After Aston demonstrated that the mass of helium is less than four times the mass of the proton, Eddington proposed that in the core of the Sun, through an unknown process, hydrogen was transmuted into helium, liberating energy. 20 years later, Bethe and von Weizsäcker independently derived the CN cycle, the first known nuclear reaction cycle which can accomplish this transmutation; however, it is now understood that the Sun's primary energy source is the pp-chains, which can occur at much lower energies and are much slower than catalytic hydrogen fusion. The time-lapse between Eddington's proposal and the derivation of the CN cycle can mainly be attributed to an incomplete understanding of nuclear structure, and a proper understanding of nucleosynthetic processes was not possible until Chadwick discovered the neutron in 1932 and a contemporary theory of beta decay developed. Nuclear physics gives a self-consistent picture of the energy source for the Sun and its subsequent lifetime, as the age of the Solar System derived from meteoritic abundances of lead and uranium isotopes is about 4.5 billion years. A star the mass of the Sun has enough nuclear fuel to allow for core hydrogen burning on the main sequence of the HR-diagram via the pp-chains for about 9 billion years, a lifetime primarily set by the extremely slow production of deuterium,
which is governed by the nuclear weak force.
The theory of stellar nucleosynthesis reproduces the chemical abundances observed in the Solar System and galaxy, which from hydrogen to uranium, show an extremely varied distribution spanning twelve orders of magnitude (one trillion). While impressive, these data were used to formulate the theory, and a scientific theory must be predictive in order to have any merit. The theory of stellar nucleosynthesis has been well-tested by observation and experiment since the theory was first formulated.
The theory predicted the observation of technetium (the lightest chemical element with no stable isotopes) in stars, observation of galactic gamma-emitters such as 26Al and 44Ti, observation of solar neutrinos, and observation of neutrinos from supernova 1987a. These observations have far-reaching implications. 26Al has a lifetime a bit less than one million years, which is very short on a galactic timescale, proving that nucleosynthesis is an ongoing process even in our own time. Work which led to the discovery of neutrino oscillation, implying a non-zero mass for the neutrino and thus not predicted by the Standard Model of particle physics, was motivated by a solar neutrino flux about three times lower than expected, which was a long-standing concern in the nuclear astrophysics community such that it was colloquially known simply as the Solar neutrino problem. The observable neutrino flux from nuclear reactors is much larger than that of the Sun, and thus Davis and others were primarily motivated to look for solar neutrinos for astronomical reasons.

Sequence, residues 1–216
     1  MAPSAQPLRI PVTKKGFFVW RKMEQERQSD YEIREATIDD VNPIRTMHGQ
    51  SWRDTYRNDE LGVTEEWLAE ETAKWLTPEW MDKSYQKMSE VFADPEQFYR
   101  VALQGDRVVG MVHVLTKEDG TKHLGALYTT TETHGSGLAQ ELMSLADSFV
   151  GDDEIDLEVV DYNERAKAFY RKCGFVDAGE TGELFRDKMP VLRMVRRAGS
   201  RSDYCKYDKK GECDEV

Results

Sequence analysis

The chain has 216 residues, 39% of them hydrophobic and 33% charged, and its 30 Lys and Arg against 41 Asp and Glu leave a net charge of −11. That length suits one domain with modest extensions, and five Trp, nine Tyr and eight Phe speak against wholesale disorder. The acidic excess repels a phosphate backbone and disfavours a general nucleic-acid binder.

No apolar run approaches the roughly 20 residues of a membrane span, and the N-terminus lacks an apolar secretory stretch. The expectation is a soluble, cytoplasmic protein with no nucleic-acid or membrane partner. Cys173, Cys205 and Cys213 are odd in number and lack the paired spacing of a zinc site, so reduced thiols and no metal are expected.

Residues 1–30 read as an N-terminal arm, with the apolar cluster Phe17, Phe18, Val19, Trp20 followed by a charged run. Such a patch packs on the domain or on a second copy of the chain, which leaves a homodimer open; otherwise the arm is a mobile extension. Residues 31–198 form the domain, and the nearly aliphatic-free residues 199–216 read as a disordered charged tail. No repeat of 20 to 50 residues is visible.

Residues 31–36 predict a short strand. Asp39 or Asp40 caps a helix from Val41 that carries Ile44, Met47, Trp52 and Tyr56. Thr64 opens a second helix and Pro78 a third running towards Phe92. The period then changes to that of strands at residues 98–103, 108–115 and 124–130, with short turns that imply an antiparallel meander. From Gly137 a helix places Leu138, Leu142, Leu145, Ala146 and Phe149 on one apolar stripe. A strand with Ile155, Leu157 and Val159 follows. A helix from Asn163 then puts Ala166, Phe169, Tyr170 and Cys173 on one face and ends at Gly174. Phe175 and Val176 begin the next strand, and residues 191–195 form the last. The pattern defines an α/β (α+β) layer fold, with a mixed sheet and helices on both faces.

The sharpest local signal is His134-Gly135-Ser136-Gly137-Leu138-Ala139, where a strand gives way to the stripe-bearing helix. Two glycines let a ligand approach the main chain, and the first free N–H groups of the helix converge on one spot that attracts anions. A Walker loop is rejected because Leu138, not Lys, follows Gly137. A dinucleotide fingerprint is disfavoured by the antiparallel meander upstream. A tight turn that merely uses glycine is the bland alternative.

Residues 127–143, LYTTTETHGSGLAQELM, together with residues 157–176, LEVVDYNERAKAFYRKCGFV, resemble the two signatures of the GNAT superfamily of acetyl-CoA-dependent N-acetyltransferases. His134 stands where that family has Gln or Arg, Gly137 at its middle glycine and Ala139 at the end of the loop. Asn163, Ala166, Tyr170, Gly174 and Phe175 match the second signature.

Although the foundations of the science are bona fide, there are still many remaining open questions. A few of the long-standing issues are helium fusion (specifically the 12C(α,γ)16O reaction), the astrophysical site of the r-process, anomalous lithium abundances in Population III stars, and the explosion mechanism in core-collapse supernovae.